Thou Art The Man to Restore—Times Four #5

Monday, February 19, 2018

“If a man shall steal an ox, or a sheep, and kill it, or sell it; he shall restore five oxen for an ox, and four sheep for a sheep” (Exodus 22:1 KJV).

How can this help us understand some of the tragic deaths associated with the Davidic dynasty?

Over a decade after Absalom’s murder—just prior to David’s death and Solomon’s ascension to the throne—Solomon’s half-brother Adonijah plots to become David’s successor. (Second Samuel 3:2-4 states Adonijah is a younger brother of deceased Amnon and expired Absalom.)

As 1 Kings chapter 1 unfolds, the Prophet Nathan and Solomon’s mother Bathsheba foil Adonijah’s first attempt to seize David’s throne. Before David expires, he follows God’s orders and pronounces Solomon as king. “And Solomon said, If he will shew himself a worthy man, there shall not an hair of him fall to the earth: but if wickedness shall be found in him, he shall die” (1 Kings 1:50-53). Solomon, now king, warns his older half-brother Adonijah not to try to steal Israel’s throne again. Chapter 2 begins with David’s death, and then delineates how Adonijah schemes a second time to take Solomon’s throne.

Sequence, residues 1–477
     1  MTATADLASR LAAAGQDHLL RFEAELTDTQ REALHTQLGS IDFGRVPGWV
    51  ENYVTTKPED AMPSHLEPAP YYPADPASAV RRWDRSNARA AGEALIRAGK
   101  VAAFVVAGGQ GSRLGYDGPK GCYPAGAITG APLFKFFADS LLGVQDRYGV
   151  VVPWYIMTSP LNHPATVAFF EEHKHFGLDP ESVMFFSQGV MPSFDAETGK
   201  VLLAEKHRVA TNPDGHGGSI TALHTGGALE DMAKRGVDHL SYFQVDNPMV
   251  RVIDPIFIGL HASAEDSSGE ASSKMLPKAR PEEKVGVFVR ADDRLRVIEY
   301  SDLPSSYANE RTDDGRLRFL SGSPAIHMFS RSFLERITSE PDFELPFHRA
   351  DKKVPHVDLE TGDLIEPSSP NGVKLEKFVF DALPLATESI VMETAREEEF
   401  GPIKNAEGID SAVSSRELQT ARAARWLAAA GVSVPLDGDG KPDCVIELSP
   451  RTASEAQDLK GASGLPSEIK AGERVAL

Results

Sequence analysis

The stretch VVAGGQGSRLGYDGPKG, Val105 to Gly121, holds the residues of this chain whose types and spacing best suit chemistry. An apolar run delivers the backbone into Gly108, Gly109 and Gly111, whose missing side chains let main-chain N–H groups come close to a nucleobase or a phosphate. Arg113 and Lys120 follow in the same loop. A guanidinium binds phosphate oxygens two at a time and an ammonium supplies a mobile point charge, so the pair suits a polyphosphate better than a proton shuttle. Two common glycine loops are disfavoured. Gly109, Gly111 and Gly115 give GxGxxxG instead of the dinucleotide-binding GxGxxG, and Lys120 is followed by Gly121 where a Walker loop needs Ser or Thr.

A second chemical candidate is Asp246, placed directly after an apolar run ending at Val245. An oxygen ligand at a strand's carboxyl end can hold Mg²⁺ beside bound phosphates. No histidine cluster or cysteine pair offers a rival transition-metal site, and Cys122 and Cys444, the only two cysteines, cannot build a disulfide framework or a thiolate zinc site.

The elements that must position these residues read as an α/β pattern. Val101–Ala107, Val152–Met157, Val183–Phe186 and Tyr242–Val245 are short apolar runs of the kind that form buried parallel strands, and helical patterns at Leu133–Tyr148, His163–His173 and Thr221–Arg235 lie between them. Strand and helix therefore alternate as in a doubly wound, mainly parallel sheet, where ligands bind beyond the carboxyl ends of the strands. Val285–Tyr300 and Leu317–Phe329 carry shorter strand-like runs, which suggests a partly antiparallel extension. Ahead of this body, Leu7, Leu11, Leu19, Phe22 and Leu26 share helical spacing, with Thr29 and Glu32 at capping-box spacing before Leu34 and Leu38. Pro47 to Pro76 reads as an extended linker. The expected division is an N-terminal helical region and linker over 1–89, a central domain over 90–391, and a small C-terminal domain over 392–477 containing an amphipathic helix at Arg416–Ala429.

As per Solomon’s decree, evil Adonijah must be put to death: “[22] And king Solomon answered and said unto his mother, And why dost thou ask Abishag the Shunammite for Adonijah? ask for him the kingdom also; for he is mine elder brother; even for him, and for Abiathar the priest, and for Joab the son of Zeruiah. [23] Then king Solomon sware by the LORD, saying, God do so to me, and more also, if Adonijah have not spoken this word against his own life. [24] Now therefore, as the LORD liveth, which hath established me, and set me on the throne of David my father, and who hath made me an house, as he promised, Adonijah shall be put to death this day. [25] And king Solomon sent by the hand of Benaiah the son of Jehoiada; and he fell upon him that he died.”

Adonijah, David’s fourth son, is executed. Today’s Scripture has been met. Departed David, fortunately, never saw this fourth funeral. Now, let us summarize and conclude….

Our two latest Bible Q&As: “What is the ‘purtenance?’” and “What is the ‘caul?’